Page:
it gave top end performance
This RIDGID TP1300LS also has a cutting head
speed of 9,500 RPM’s and a feed rate of 26 feet per minute.
The capacity of this and most small planers is 13” wide
and 6” tall, and the maximum cutting depth is 1/8th inch
and gets its super fine finish with 66 cuts per inch. Any boat
builder could use this tool to plane any type of wood with outstanding
results. It also has oversized input and output tables for extra
support. In fact, they are also fully adjustable. It also has
“IND-I-CUT“! DEPTH MEASUREMENT that instantly measures
cutting depth before each pass. Another feature is “REPEAT-A-CUT"!
DEPTH STOPS with eight adjustable depth stops to precisely plane
work pieces to desired thickness up to 1 ¾" thick.
Still another feature is SOF-TOUCH"! CONTROLS with large
ergonomic knobs that are comfortable and user-friendly.
I found the RIDGID TP1300LS has a very familiar
feel -A feel that my oldest tools give me that guarantees good
results. I even used this planer and the DELTA model to build
my custom built Phillip C. Bolger designed Brick with copper
bottom and red oak exterior lumber with mahogany plywood. Probably
the most expensive Brick built to date, and I haven’t
built the mast or sail yet.
For the RIDGID’s price, I recommend any
boat builder from neophyte to professional take advantage of
RIDGID’s 3-year warranty and a 90-day return policy. You
won’t have any regrets. Like the RYOBI before, the RIDGID
was adjusted to be free of snipe in just a few minutes of tinkering,
at least in my results. The RIDGID TP1300LS provides a superior
surface in all woods. In some wood I had to take out my Radio
Shack hand held 100 X microscope to see that this planer had
been bested. With performance that close in a few species of
wood, this planer is a close second place. Even the RYOBI planer
in my opinion had excellent results.
Now I come to the last planer in this series.
It also has the most features of all the planers tested. DELTA
has a standard 2-year warranty that covers any DELTA machine,
machine part or machine accessory. It is a heavy machine and
with my bad back, I had to have help lifting this beautiful
magic box. The DELTA Industrial Model 22-580 13” two speed
finishing planer is just as described.
It is unfair that I placed this wonderful machine
in with two others designed mainly for small shop use. I can
only say that an amateur boat builder can have custom wood finishes
with all of them but they don’t have to work as hard with
the DELTA. This is the machine dreams are made of. The maximum
width of stock to be planed is still 13” but the height
is 6½” instead of just 6” for a small but
useful increase in size from the other two.
I had a lot of interesting results using this
tool. In the regular mode, the finish is almost as good as the
RIDGID, but the finish from the slower finish speed is spectacular.
Even when I planed red oak the most it needed was a very fine
sanding. That’s a very good result. Of all the planers,
the DELTA needed the least adjustment to remove all snipe. As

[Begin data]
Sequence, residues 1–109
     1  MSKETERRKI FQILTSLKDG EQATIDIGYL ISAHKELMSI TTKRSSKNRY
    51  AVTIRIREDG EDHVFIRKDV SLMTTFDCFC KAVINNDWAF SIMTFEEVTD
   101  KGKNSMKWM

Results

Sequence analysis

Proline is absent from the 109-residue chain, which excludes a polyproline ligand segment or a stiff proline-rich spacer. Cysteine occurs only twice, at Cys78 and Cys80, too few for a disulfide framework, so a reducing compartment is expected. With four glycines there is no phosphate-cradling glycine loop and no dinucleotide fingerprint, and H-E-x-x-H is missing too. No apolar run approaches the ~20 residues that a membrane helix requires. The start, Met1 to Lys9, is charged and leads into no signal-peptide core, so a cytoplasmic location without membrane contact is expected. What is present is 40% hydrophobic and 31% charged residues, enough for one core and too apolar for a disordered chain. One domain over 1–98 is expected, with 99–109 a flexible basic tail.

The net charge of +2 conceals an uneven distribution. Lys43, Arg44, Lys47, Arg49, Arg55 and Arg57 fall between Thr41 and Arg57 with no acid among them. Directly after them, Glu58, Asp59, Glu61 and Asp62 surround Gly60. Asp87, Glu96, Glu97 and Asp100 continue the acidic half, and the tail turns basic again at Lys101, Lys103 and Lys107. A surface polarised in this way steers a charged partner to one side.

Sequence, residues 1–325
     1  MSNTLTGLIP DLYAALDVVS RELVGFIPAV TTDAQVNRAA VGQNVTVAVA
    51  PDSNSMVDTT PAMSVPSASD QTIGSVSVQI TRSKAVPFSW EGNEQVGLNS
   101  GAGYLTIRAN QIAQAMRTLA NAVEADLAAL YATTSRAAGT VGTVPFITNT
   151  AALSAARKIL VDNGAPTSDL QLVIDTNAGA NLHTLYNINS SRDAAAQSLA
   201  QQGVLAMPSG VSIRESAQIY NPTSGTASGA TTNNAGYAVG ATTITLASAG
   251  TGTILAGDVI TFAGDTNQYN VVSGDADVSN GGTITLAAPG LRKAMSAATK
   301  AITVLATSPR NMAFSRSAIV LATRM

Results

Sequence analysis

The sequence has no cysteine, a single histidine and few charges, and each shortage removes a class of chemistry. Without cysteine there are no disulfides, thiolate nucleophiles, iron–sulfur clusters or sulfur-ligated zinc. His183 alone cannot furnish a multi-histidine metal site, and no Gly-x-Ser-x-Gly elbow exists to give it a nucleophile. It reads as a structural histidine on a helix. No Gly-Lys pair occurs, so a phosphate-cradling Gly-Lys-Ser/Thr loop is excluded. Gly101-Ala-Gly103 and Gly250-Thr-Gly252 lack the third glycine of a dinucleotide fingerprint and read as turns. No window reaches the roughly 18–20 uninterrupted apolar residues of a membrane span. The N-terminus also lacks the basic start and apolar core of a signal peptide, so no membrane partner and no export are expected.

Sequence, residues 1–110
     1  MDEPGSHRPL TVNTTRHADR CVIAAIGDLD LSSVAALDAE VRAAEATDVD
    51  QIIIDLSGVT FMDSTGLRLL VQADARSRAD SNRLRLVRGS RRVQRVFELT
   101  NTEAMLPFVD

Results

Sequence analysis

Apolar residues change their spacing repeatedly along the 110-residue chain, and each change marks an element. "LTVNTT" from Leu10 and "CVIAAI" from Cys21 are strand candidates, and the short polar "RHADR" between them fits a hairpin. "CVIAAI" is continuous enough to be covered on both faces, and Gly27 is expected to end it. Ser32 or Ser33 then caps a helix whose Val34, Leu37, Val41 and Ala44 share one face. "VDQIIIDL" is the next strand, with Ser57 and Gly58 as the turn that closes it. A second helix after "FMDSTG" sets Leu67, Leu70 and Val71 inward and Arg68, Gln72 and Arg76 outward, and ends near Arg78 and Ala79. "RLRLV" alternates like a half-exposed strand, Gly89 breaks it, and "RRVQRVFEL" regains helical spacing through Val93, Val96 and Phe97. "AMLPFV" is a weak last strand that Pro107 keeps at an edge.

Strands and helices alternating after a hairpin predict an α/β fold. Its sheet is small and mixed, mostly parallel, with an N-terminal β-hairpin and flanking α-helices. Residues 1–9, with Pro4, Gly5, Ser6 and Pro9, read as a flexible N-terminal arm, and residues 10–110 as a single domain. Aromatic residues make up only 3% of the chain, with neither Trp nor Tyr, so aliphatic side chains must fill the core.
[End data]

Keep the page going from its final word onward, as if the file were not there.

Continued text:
I said, the newest engineered planers can and are snipe-free
with common sense and fine-tuning.
Some of you reading this will say to yourself
that you will never need a planer, and you might not. I say
that with the prices of wood going up dramatically all the time,
there will come a point that people will have to resort to gleaning
wood from hardwood pallets, old waterbed frames, and many other
sources rather than spending fortunes at a lumber yard. I do
these things now. When you gather wood of all sizes, you will
need a planer. With any of these planers you can turn rough
wood into beautiful works of natural art. The DELTA sits at
the top of my planer trio, because it is a two-speed finishing
tool and tops the list with the most features that work.
The DELTA weighs 97 pounds, is 23 ¼”
tall, 17 ½” wide and is 27 ¾” deep.
A lot of machinery is packed into that small space. The feed
rate is 20 feet per minute on the slow finish setting and 30
feet per minute on the standard setting. The cuts per inch are
90 and 60 per respectively. The cutter rotates at 10,000 rpm.
It has an oversized on/off switch for safety and a patented
cutterhead lock that stabilizes the cutterhead to virtually
eliminate snipe. Although done in different ways, all of the
planers had this same feature. The DELTA planer features a full-range
depth stop for repeatable thicknesses at any dimension across
the entire height range instead of 1¾“ like the
other two planers. The blade zero indicator sets the cutterhead
to the exact thickness of the material. One of my favorite features
of any planer is on the DELTA. It is the stock transfer roller
built into the top of the planer. This is used to make multiple
passes easy since you just roll the board back over the top
of the machine. In my humble opinion, all planers should have
this very nice feature. Every bearing, bushing, and control
link are built larger on the DELTA planer. Of all the machines,
it had the easiest height adjustment control with an oversized
soft grip handle that made it comfortable. It is a machine built
for heavy use like a commercial boat shop may need. I know that
I could never wear this planer out in the rest of my lifetime.
I also know that a production shop could not wear this planer
out in ten years of use. So if you want an immensely strong,
accurate and dependable tool, the DELTA Model 22-580 industrial
13” two-speed finishing planer could be the one for you.
While planing with these machines I used maple,
ash, Port Orford cedar, walnut, birch, yellow pine and fir.
I made too much saw dust and shavings out of perfectly good
wood. Don’t tell my wife I made dust out of the wood for
her Galileo thermometer holder. I just couldn’t help myself
once the chips started to fly. Make sure you have a lot of lumber
when you purchase any of these planers; once you start you just
As to what I would pick for my new shop I have
to say any of them. I have to thank RYOBI, DETA, RIDGID and
DeWALT for the help and machines, pictures and specifications
they provided for this article. All of these planers are beautiful
and built tuff like the tools our grandfathers used. I am unable
to pick one that would be called the winner of this review.
Each one has the ability to do what they are intended to do
in a very nice way. As with any tool, as the prices rise so
do the features, accessories, size and weight.
The RYOBI would be good for the first time amateur
and the professional also. For a little more money, you get
a complete package with the RIDGID with almost nothing else
to buy. It is also a better planer and would compliment any
shop. The DELTA planer is as solid as granite rock. It is built
tough for the long haul, but is still aesthetically pleasing
to the eye. It also had the overall best performance. I would
call this test the best of the best. None of these planers showed
any faults; they are all sound buys in their respective price
ranges. Let the chips fly in your shop!
So long from my tool crib,